Glen Road, |
Round the Bend
(Big Plain, 2003)
Glen Road has left me astonished. Mike Dugger, Turlach Boylan and Greg Brown present themselves as a fairly straightforward folk group, loaded with the usual arsenal of instruments. So I was expecting Round the Bend to be a pleasant collection of folk music, little more.
In many ways Glen Road are what they promise, a simple folk group. Jigs like "Ship in Full Sail/Pay the Reckoning/Scatter the Mud" benefit from Boylan's sharp flute, and Dugger's guitar lends an unexpected body to Brown's expected fiddle and viola for traditional pieces like "Rakish Paddy/Toss the Feathers/Langton's." The teamwork is unobtrusive, the tunes are well chosen (I'm especially fond of the several reel medleys) and the occasional assists from Joe Root's piano are considered deviances that pay off well. On the surface, it's a straightforward presentation of traditional tunes and a few nice new contributions to tradition.
But Glen Road is more than the sum of their parts. There is more to the band than fine playing or clever arrangements, an intangible effect not created with fiddle or flute or vocals alone. In truth, while the trio are each skilled at what they do, they are not individually brilliant. Together, they're riveting. I have yet to hear "Rosemary's Sister," a quiet song of wartime grief, without welling up with tears, and "The Queen Amongst the Heather" carries a thick misty haze of romance with it despite the simplicity of the tune. Since both of these tracks are among the album's rare songs, the effect might be pinned on Dugger's vocals. Dugger has a pleasant, friendly voice to be sure, but he's not that awesome a singer. Besides, the effect is in play for non-vocal tracks from the opening "Father's Jig" on. The consistently evocative power of their music is a subtle thing, understated enough to escape notice for the first few listenings. For myself, it wasn't until I tried to play Round the Bend in the background while I worked that I realized that it couldn't be ignored. While the effect is subtle, it's insistent, and while you can work with "The Rollicking Skipper" swinging your mind up in the air, you can't avoid some sort or response to each track.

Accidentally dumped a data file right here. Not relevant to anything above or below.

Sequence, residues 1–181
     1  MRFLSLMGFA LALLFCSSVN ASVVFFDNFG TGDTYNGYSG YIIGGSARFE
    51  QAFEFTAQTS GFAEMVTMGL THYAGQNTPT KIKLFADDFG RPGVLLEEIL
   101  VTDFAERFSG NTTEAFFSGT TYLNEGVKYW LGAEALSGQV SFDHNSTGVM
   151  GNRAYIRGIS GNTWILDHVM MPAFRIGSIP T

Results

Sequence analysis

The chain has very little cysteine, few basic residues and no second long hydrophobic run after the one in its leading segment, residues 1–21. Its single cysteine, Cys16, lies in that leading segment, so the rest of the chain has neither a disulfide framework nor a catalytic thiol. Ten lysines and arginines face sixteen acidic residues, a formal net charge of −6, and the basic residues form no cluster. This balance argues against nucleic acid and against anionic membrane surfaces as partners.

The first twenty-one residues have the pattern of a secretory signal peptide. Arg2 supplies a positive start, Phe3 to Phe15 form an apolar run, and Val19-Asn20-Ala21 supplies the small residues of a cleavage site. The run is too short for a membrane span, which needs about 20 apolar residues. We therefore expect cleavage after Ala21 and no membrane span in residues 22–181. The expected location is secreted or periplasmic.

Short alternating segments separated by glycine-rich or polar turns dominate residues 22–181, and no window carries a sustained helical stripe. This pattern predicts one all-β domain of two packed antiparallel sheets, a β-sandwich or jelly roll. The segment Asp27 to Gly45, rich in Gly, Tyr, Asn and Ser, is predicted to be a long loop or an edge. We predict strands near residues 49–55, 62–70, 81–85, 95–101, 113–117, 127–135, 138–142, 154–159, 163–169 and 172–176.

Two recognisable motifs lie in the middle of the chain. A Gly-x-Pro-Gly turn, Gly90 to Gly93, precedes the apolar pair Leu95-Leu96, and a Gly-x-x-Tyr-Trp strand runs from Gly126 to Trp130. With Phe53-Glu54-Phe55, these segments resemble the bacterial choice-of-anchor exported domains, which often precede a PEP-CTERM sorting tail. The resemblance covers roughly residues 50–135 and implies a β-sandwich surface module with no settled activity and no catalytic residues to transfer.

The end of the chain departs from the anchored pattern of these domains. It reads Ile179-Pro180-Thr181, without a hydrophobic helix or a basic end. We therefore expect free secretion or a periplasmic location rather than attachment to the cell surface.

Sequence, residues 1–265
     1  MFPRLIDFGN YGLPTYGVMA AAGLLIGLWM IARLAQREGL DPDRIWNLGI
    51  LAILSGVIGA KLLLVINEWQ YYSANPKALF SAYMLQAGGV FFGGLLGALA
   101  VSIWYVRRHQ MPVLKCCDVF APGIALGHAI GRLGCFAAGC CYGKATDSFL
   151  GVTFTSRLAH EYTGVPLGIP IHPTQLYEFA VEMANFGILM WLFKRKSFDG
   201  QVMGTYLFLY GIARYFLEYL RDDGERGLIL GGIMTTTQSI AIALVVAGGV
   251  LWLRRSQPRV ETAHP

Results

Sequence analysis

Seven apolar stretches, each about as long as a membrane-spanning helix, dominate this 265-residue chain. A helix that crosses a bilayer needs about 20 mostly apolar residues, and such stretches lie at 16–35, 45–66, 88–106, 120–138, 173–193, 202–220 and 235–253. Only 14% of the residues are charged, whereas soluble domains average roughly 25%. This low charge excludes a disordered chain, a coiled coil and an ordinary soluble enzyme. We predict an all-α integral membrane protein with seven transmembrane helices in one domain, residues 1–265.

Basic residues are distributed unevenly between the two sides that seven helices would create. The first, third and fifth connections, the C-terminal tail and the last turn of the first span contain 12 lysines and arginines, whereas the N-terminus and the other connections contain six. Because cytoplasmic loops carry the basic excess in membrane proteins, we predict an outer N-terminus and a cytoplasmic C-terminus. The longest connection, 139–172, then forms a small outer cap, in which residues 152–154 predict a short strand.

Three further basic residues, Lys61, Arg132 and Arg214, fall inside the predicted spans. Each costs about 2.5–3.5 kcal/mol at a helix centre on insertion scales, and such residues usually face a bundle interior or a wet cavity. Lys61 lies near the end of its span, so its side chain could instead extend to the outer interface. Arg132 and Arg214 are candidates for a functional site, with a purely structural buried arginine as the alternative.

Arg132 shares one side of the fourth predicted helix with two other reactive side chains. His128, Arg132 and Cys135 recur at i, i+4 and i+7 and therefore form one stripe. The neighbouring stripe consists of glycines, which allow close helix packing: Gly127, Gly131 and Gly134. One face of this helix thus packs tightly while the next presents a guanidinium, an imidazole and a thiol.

So it's not the best album to play while you're on hold with the bank, lest they answer during "Tender Mercies" and judge you an emotionally unstable weeper not fit to be trusted with a loan. Those who pride themselves on being sensible adults may be embarrassed to find a simple tune hijacking their emotions and that's the best reason to pick up Round the Bend. When the phone calls are done, or the drive home has stalled, or any other time when life has become a bit numbing, Glen Road can still knock loose the emotional calluses and add a soft wash of feeling to the day.